Dissecting the phagophore assembly site

17. December 2020
12:00 til 13:00

BMC seminar next Thursday, December 17th at 12:00.  

Speaker: Sigurður Rúnar Guðmundsson, M.Sc, PhD student in the Molecular and Integrative Biosciences research program (MIBS) at the University of Helsinki under the supervision of Professor Eeva-Liisa Eskelinen. 

Title: Dissecting the phagophore assembly site 

Place: Zoom, see link below 

Abstract: Autophagy is a catabolic pathway that delivers cytoplasmic material to the lysosome and is activated by cellular stress. This pathway protects the cell by degrading and recycling non-essential cytoplasmic material and harmful substrates such as damaged organelles, aggregated proteins, and intracellular pathogens. If autophagy is not functional, damaged mitochondria and protein aggregates accumulate in cells, which disrupts cellular functions and ultimately leads to cell death. Particularly postmitotic cells like neurons and muscle cells depend on functional autophagy.In autophagy, the cellular material being degraded is first isolated by a double membrane known as the phagophore. When the phagophore is fully closed it forms an autophagosome. The autophagosomes fuse with endosomes and lysosomes, which deliver the degradative enzymes. The cargo is degraded and recycled back into the cytoplasm. Autophagy can either be selective, where ubiquitinated or an otherwise labelled substrate is engulfed by the phagophore, or unselective as is the case when the cell is starved. In this talk I will present the work I was involved in during my PhD with emphasis on correlative light and electron microscopy (CLEM) analysis of phagophores and autophagosomes of both selective and un-selective autophagy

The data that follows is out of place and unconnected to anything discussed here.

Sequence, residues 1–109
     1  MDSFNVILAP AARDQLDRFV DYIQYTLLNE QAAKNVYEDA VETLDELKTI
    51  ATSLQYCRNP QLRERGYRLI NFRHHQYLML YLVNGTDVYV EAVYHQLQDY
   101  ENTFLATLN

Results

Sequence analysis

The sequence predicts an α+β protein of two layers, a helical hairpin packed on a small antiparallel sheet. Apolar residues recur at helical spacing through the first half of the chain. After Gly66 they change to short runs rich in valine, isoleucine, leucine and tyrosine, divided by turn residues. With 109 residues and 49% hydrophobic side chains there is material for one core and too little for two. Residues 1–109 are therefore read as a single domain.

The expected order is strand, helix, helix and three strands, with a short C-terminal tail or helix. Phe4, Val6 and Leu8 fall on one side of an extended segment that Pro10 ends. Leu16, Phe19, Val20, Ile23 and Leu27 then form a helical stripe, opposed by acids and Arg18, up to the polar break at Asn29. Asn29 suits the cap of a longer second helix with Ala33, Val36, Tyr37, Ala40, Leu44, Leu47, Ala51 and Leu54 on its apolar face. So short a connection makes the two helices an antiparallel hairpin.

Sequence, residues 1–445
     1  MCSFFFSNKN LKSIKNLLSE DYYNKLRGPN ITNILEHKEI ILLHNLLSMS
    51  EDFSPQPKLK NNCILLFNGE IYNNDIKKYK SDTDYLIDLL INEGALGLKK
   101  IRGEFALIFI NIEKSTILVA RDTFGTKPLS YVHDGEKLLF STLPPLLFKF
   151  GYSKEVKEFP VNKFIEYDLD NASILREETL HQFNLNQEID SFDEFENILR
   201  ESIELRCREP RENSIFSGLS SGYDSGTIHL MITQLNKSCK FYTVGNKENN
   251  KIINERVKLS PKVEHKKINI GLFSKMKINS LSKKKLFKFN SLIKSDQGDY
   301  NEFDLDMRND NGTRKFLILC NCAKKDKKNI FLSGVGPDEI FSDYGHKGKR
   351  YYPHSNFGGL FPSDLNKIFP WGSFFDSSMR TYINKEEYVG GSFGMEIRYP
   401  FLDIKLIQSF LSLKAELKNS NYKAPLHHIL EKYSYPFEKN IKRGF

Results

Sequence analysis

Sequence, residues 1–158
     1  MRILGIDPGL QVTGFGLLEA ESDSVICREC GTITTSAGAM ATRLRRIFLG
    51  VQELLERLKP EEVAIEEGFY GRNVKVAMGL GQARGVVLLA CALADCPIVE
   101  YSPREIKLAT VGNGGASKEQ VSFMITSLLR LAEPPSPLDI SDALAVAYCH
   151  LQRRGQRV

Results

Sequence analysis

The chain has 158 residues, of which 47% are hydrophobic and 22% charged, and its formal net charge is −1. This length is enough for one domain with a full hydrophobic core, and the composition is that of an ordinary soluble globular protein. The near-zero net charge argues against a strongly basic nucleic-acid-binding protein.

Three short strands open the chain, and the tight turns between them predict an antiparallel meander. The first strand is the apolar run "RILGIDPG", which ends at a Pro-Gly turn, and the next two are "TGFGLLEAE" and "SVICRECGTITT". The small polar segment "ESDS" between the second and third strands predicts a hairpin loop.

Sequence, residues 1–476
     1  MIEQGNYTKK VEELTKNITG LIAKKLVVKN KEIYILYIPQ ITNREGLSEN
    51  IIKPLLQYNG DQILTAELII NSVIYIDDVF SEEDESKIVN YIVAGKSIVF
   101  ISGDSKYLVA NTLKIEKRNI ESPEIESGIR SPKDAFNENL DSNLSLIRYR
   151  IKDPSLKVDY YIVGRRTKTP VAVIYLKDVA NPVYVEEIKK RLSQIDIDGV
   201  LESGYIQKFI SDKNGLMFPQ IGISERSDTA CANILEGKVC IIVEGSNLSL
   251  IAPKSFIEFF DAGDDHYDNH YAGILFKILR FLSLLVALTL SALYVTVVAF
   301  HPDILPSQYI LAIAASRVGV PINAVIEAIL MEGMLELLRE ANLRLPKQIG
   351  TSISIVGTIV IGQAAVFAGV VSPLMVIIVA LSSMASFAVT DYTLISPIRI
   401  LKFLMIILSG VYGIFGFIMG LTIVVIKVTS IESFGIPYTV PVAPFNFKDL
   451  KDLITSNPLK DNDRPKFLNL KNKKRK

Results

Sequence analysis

Zoom link:



Biosketch: Sigurður has a master’s degree in biomedical sciences from the University of Iceland and is currently in the final stages of his PhD studies at the University of Helsinki under the supervision of Professor Eeva-Liisa Eskelinen. During his PhD Sigurður has focused on imaging and modelling the phagophore assembly site as well as identifying the membrane contact sites between the forming phagophore and its surrounding organelles.

Sigurður Rúnar Guðmundsson